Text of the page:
JC: Oh, yeah, his name is John Joy. I knew him when I was a reporter, but I also knew him because we went to school together in high school. He wasn’t the one that hired me; the head of the department hired me, and John was assigned to the police and fire department. He was getting a promotion, and that’s why they had the opening. He says, “I can’t think of anybody I’d rather have over there following me than you.” That was the number one assignment. We had three big rates of publicists. We had junior publicists, intermediate publicists, and senior publicists, and I was hired as a senior publicist. Cause again, they knew me from…. I got some other stories I want to tell you, too.

WW: Did you see the city any differently after the unrest calmed down?

JC: I didn’t see the city any differently. In fact, again, I was sort of chauvinistic about Detroit. I liked working downtown. I liked working with the police and fire department. When you walk around the building downtown in Detroit, you say to yourself, “This is where America’s functioning, in these buildings down here.” I’m a part of it. That didn’t change. Again, I started in ’66 with the police department. I worked there until ’76, for ten years. I’d be working there until I retired if I could have, but the city had other ideas. They eliminated my job, and eliminated me with it.

WW: When were you let go?

JC: ’76. Everybody that had my job was let go, with a couple exceptions, but I won’t go into that.

WW: What was the reaction in the police department and the fire department when everything calmed down? Was it just plain relief?

JC: Back to normal. These people were professionals. In both cases, police and fire, they were well-trained. When you have a job, let me tell you what your job is: your job is a guy with a gun just shot somebody down that alley, your job is to go down that alley and get them. You’re going to have pretty good people, in my opinion. And of course, there are bad people in any group. There’s bad priests, but that was not—99% of them were people that risked their lives for us, and I had nothing but the greatest respect for all of them, police and fire.

WW: How do you refer to what happened in ’67? Do you see it as just unrest?

JC: I call it a riot. A lot of people take question with that. They have other questions, but it’s a free country, you can call it whatever you want. People were breaking into stores, stealing, burning places down, and again, the number escaped me, the number that were shot and killed was what, 32?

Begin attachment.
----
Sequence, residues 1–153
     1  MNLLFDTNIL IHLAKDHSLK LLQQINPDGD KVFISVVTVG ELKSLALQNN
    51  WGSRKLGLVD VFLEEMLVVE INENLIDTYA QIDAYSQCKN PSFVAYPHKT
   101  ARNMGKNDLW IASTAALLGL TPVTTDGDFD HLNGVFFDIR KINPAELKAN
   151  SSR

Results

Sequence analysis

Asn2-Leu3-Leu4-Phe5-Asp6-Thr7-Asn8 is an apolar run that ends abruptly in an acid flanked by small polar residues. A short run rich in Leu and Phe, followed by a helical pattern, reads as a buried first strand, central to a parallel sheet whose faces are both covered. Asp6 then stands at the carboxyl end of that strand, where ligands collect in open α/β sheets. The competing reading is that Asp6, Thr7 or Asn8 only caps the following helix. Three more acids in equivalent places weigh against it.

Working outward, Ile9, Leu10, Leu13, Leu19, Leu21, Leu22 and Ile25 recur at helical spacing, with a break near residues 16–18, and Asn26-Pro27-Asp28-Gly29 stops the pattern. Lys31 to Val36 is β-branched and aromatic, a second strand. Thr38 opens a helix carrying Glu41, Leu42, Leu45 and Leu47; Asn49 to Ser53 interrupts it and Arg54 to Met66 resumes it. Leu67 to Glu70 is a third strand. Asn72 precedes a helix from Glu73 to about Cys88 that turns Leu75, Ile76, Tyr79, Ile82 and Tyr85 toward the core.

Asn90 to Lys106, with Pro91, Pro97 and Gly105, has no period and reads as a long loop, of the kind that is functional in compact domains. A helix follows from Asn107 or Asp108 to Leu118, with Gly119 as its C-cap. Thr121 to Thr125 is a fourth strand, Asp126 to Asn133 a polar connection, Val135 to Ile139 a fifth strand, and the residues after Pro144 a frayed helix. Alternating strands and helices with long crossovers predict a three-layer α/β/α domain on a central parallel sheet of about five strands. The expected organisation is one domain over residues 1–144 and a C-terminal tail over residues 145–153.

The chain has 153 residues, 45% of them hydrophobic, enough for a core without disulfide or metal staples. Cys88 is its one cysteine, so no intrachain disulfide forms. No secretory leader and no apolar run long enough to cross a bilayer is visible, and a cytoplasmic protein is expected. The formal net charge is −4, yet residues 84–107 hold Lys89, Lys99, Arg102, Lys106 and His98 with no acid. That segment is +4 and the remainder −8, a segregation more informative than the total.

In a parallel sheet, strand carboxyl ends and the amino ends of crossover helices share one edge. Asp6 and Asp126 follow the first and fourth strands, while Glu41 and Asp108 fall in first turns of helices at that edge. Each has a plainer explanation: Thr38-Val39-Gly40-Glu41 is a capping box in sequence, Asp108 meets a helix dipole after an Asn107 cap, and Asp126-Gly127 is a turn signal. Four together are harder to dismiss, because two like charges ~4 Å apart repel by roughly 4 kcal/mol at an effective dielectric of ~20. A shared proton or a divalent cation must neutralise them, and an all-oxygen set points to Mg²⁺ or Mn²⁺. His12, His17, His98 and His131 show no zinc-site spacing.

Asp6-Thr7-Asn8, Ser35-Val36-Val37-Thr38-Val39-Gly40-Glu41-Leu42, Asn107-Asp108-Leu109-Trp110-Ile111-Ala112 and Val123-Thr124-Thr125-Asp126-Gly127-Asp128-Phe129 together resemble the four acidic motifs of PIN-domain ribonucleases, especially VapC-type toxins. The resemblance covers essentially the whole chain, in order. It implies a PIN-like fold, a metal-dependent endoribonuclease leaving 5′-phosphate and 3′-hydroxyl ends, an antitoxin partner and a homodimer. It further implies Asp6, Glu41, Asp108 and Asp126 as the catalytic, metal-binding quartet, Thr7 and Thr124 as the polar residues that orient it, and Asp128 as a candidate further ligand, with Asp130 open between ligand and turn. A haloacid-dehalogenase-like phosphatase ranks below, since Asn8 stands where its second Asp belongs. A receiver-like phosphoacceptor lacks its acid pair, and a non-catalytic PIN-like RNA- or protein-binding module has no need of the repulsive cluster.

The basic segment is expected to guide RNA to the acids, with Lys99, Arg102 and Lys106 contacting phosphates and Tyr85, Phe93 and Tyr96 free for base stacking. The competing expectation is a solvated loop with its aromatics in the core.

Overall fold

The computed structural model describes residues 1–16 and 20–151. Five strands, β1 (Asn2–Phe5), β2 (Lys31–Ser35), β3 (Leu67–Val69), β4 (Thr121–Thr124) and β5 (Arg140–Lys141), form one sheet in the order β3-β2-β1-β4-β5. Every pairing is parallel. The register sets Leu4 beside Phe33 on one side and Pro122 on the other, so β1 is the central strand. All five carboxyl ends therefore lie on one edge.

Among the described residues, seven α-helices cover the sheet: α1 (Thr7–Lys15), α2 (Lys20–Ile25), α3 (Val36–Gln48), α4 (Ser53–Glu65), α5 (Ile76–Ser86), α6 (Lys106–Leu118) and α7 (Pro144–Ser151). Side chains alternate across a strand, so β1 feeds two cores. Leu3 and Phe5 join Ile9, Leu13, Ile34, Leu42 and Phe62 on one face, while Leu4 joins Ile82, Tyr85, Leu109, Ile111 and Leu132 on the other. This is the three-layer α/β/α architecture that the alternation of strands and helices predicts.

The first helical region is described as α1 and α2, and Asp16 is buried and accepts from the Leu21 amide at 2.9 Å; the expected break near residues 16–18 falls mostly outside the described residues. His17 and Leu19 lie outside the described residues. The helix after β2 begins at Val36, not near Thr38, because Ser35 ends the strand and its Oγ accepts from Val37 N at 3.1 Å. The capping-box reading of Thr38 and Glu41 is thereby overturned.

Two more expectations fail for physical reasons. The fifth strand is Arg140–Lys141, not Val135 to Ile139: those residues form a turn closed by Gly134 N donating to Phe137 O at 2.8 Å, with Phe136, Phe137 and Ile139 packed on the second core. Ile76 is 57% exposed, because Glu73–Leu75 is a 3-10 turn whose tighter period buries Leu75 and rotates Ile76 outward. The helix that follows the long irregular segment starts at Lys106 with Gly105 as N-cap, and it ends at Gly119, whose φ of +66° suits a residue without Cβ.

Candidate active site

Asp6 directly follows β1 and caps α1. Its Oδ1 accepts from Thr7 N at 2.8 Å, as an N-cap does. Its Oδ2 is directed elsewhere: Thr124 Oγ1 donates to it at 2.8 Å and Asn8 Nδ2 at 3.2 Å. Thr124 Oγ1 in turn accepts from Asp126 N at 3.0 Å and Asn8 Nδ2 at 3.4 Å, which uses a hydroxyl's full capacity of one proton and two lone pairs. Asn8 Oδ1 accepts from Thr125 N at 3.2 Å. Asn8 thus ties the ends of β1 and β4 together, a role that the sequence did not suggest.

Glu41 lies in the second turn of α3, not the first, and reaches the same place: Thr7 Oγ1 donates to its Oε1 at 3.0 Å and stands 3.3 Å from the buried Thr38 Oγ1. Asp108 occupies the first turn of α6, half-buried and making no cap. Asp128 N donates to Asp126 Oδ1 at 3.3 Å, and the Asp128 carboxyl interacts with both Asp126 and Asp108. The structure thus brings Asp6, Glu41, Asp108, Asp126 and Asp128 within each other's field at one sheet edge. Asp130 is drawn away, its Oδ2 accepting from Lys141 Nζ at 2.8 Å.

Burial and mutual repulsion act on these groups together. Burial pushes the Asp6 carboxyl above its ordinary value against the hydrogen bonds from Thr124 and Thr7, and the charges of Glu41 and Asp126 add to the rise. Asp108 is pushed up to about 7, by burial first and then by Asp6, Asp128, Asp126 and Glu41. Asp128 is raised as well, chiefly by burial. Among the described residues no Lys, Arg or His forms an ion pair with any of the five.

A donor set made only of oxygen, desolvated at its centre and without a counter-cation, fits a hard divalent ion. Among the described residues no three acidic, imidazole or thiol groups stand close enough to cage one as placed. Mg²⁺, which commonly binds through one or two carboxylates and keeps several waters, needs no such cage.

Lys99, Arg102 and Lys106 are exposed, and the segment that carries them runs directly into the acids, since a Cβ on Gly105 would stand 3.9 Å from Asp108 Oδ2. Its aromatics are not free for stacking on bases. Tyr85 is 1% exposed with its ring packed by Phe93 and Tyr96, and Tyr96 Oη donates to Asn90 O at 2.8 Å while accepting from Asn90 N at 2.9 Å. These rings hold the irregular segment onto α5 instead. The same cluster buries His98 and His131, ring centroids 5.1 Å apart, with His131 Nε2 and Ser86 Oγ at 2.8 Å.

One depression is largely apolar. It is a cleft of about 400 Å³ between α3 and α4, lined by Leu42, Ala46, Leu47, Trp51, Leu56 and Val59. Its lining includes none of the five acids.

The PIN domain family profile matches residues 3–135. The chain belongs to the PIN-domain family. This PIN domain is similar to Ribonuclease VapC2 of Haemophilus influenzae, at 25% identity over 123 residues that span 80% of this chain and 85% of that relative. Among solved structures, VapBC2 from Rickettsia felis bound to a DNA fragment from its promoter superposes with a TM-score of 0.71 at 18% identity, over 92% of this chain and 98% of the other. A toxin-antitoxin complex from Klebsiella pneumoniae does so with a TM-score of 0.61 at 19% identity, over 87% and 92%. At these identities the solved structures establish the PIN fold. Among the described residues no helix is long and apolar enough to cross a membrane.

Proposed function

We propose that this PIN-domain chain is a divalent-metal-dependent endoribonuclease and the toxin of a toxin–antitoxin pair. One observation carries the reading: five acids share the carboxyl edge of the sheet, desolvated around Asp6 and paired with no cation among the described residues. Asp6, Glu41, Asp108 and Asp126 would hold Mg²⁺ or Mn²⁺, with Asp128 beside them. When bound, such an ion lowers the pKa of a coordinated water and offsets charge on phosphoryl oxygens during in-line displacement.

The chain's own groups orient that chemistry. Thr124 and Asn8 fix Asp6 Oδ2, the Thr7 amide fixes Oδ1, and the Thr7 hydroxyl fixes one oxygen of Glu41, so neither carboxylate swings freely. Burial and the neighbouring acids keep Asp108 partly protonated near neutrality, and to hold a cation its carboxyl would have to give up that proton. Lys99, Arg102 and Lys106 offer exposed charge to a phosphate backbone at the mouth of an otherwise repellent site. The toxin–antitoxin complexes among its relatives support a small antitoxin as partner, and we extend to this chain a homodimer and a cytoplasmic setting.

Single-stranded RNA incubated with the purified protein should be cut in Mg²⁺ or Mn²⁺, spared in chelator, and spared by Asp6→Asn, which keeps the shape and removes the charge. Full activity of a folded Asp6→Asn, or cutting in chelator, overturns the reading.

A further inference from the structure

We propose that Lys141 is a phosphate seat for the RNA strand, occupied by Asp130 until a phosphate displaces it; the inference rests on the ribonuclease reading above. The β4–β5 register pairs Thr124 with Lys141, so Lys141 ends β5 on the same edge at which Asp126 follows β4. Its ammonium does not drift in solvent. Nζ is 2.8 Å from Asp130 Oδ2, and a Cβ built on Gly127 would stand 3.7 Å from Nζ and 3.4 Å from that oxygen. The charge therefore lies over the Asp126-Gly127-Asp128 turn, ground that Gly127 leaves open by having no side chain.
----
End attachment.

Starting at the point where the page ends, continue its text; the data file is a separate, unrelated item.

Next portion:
WW: 43.

JC: 43. That’s not good stuff. That, to me, comes from more than just a civil disturbance. That was a riot, they were shooting people. In some cases, it might’ve been by accident, like the one woman that was in the hotel that got shot through the window? They probably weren’t shooting at her. Someone’s just shooting in the air and the bullet got her. But others seemed to be very definite that they were being shot at and were being killed. They were shooting at firefighters. Firefighters are on ladders, trying to put out a blaze, and people were shooting at them. Don’t understand that at all. The only thing with that is that they wanted that building burnt to the ground and they didn’t want anybody to stop it. Afterwards, everybody went about the normal business of protecting the city and protecting these people. I kept enjoying working there.

WW: Is there anything else you’d like to add today?

JC: Anything I’d like to add? I think I pretty much covered everything I’ve got in my notes here. If you have any questions, I’d be glad to answer them for you.

WW: Thank you so much for sitting down with me today, I greatly appreciate it.

JC: Well, I hope this serves some value. As I told you before, I’ve been doing oral histories for about [unintelligible] years, and I’ve always been on your side of it, not this side of it, so it’s a new experience for me.

WW: I’m glad you were able to come in.

JC: I’m glad to come in, I’m glad to have meet you.

Original Format



44min 18sec


William Winkel


John Colling


Detroit, MI




“John Colling, August 31st, 2016,” Detroit Historical Society Oral History Archive, accessed October 21, 2020,

Output Formats